The edges of historical eras tend to be fuzzy. It would be nice to think that someone awoke in Florence, Italy, one day in the late 1300s — perhaps as spring started— and said, “Today the Renaissance begins!” We can be sure no one did, if only because historians discern such eras only in retrospect. The same is true of geological epochs. Humans existed when the Pleistocene ended and the Holocene began, 11,500 years ago. The geologic time scale, which defines geological periods, began to take its modern form only in the 19th century.
Among scientists, there is now serious talk that the Holocene has ended and a new era has begun, called the Anthropocene, a term first used in 2000 by Paul Crutzen, who shared a Nobel Prize for his work on the chemical mechanisms that affect the ozone layer.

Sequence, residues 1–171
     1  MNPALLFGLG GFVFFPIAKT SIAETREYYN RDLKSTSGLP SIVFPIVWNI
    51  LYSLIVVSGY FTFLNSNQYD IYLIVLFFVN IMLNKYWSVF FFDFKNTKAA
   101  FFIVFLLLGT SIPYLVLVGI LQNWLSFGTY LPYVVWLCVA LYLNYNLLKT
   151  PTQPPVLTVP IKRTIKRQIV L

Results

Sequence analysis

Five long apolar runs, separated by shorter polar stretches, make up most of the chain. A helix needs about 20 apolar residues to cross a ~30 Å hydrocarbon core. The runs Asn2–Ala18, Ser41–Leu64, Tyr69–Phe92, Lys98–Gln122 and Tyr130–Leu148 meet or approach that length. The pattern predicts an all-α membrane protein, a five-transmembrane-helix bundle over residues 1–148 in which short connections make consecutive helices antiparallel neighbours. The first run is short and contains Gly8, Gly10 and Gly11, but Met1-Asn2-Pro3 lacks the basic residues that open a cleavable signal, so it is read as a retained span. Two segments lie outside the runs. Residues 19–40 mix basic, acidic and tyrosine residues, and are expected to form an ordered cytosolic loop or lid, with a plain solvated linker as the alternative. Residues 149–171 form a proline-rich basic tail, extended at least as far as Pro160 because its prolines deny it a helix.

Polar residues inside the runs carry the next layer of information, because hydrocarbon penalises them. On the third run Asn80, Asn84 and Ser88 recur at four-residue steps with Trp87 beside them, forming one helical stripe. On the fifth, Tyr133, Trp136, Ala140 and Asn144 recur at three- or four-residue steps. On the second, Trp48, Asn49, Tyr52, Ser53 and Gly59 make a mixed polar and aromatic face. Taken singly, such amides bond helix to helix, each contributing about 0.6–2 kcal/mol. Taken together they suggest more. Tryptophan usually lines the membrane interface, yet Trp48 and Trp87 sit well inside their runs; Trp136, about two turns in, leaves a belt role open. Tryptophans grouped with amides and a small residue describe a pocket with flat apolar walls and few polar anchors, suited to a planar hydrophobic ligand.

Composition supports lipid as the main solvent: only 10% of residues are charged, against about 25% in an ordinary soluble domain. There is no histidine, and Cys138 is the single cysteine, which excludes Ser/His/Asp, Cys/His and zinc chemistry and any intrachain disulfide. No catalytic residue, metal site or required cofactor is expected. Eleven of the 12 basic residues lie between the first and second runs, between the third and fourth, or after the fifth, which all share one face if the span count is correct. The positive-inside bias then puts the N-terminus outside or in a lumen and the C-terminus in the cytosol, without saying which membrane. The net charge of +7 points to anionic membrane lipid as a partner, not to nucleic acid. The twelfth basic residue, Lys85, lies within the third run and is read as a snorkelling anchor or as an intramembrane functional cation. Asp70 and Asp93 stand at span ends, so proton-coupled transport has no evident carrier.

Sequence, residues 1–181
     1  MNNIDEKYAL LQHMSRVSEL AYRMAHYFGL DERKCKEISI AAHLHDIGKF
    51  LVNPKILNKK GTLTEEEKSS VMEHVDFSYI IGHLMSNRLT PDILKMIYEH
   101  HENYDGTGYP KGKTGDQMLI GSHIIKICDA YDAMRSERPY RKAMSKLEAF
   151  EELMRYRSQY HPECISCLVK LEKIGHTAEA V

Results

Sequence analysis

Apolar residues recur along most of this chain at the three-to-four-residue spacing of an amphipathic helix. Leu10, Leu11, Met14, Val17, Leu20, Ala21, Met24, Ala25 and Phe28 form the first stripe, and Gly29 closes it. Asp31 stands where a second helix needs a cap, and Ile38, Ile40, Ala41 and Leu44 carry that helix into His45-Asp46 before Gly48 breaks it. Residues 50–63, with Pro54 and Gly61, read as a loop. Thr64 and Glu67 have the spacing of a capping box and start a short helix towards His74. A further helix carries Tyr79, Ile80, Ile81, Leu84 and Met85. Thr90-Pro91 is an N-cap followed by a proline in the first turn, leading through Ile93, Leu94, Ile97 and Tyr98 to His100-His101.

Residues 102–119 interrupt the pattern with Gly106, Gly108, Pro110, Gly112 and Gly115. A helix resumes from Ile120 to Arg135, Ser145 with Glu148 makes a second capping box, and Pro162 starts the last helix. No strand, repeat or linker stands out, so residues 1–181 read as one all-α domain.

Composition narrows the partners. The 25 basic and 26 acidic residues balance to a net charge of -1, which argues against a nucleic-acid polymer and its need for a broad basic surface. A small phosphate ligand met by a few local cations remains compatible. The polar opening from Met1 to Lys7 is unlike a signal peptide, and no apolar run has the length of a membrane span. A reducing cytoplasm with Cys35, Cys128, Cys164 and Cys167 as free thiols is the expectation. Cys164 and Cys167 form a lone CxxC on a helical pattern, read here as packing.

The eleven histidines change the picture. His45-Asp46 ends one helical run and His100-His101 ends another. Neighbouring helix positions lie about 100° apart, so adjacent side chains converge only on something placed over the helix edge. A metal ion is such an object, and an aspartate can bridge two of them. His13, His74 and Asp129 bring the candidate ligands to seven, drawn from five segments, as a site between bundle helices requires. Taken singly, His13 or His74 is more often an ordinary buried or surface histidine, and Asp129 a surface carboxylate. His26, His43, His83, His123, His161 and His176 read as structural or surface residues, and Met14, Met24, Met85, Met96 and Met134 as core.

The Royal Society has devoted a recent issue of its Philosophical Transactions to the Anthropocene. According to one of the papers, the name is “a vivid expression of the degree of environmental change on planet Earth.” It means that human activity has left a “stratigraphic signal” detectable thousands of years from now in ice cores and sedimentary rocks.
via The New York Times